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Impressions of InFlux

InFlux is a puzzle platforming game developed by a small group going by the name Impromptu Games, an indie development team based in Australia. InFlux invites you to explore a deserted landscape, solving puzzles in an abstract world. The game is advertised as very relaxing and mind-bending, but does it meet up to expectation in a genre already saturated with an excellent array of titles?

In InFlux you take control of a ball from outer space. You roll around what looks like a volcanic island in search of puzzles to solve. These puzzles take place in two realms, one set on the island and another in a succession of glass houses apparently floating around in space. The game's light on story to the point of having virtually none at all. At least there's no interruption to the game-play. The ball has various powers, including the ability to attract and repel certain objects as well as a speed boost which slows time down as you charge it.

Puzzles in the outdoor areas usually involve navigating the terrain and using the attraction power to find and carry a bunch of floating lights in order to open the way to the next self contained puzzles. These areas are mostly linear, but do sometimes have branching paths. Indoor puzzles mostly require you to use the magnetic powers to guide another ball through a maze, pressing buttons that tilt the room or manipulate some part of it.

The description I read for InFlux made a bit of a hoopla over the environments, but I was quite underwhelmed by them. While they're by no means offensive or bad they don't exactly capture my imagination either. When I started out on the beach I had high hopes for the relaxing aesthetic, and I suppose that's what the game gave me for a while, but I found myself wishing it had wowed me a bit more. When I moved into the forest I could not help notice how outdated the trees seemed to look. I came across torches and huts, but they did not serve any purpose and most of them were just duplicates of one model. I will compliment the range of different areas in this short game and how it transitions between them however.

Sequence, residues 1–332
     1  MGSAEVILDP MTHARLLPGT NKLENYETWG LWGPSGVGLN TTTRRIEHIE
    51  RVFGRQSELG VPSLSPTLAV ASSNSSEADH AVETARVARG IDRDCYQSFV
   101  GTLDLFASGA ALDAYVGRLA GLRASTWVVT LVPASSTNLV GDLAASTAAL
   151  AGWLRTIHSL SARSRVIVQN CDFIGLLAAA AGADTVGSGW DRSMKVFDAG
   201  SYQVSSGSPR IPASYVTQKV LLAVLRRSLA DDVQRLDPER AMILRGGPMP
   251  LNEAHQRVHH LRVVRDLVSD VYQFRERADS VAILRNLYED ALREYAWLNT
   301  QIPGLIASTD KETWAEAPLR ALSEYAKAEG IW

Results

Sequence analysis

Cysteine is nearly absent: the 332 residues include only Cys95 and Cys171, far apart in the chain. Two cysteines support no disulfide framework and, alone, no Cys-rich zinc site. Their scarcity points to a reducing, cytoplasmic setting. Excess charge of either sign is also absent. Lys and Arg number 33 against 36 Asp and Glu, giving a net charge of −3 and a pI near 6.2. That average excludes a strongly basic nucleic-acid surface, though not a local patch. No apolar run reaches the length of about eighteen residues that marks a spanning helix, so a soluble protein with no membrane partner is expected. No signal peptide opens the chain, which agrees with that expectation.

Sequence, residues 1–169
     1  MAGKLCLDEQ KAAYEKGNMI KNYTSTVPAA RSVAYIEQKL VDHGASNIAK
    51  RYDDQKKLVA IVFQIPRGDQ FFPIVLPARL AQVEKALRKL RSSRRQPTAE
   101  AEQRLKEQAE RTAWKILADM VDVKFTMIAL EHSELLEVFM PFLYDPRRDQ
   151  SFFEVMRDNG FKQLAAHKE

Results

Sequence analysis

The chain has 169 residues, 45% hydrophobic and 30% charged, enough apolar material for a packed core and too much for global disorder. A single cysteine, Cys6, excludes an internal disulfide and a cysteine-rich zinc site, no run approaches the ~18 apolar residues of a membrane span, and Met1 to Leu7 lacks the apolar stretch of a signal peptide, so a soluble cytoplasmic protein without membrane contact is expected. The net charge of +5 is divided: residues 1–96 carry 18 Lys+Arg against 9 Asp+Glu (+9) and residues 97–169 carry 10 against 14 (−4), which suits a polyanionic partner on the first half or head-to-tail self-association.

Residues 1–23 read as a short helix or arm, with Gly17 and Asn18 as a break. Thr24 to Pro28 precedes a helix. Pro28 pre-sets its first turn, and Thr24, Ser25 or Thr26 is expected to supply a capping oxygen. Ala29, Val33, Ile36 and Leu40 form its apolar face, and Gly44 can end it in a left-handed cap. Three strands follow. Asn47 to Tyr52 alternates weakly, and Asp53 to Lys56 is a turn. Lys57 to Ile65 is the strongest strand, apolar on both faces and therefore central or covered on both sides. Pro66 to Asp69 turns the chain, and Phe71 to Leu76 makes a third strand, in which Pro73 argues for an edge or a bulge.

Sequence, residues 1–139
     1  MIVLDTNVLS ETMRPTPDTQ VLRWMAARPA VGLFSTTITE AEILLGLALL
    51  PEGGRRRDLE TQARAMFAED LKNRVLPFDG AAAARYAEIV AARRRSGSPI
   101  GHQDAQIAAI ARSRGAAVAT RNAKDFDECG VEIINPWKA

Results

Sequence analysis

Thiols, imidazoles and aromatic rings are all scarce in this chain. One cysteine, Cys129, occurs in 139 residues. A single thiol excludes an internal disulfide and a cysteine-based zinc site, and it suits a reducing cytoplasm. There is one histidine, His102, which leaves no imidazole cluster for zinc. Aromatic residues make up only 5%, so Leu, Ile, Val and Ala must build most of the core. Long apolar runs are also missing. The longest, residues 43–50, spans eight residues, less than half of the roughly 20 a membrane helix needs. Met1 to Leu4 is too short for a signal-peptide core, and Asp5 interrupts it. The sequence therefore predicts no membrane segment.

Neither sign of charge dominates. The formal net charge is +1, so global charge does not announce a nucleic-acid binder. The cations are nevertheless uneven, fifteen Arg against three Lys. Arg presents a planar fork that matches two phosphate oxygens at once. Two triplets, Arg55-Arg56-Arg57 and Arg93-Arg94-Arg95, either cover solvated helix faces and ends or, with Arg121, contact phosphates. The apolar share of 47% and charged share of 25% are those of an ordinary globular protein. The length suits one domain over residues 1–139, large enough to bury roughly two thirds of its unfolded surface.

The self contained puzzle areas have a more clean and clinical appearance, but ultimately feel rather dull and repetitive. Some of the effects, like the lights coming out of the ball, are nice, but don't really make this game especially nice to look at.
What was alarming however is despite this game not being visually impressive it stuttered a lot while moving around the different sections. In a game which has an emphasis on moving around this is a severe problem. I would occasionally find myself losing control whenever the game caused me a stutter while it was loading. Even when on lower settings I constantly saw the little loading circle turning in the bottom corner.

Something else that bothered me to no end about InFlux was how the movement felt. In one word it's sluggish. When I'm inching up a small incline that's not brain-bending puzzle action or anything fascinating, that's just the game being tedious and slow. The boost felt hard to use and I'll even admit that the movement made me a bit motion sick after a while (which put a wrench in the whole relaxation angle of the game). The movement of other objects is no better. In the self contained puzzles where I had to drag a ball from one place to another what kept me in these areas was not he challenge of the puzzle but rather the fact the ball I had to drag would fall off a ledge and I would have to expend greater effort to recover it. Again, not exactly warping my perception of reality.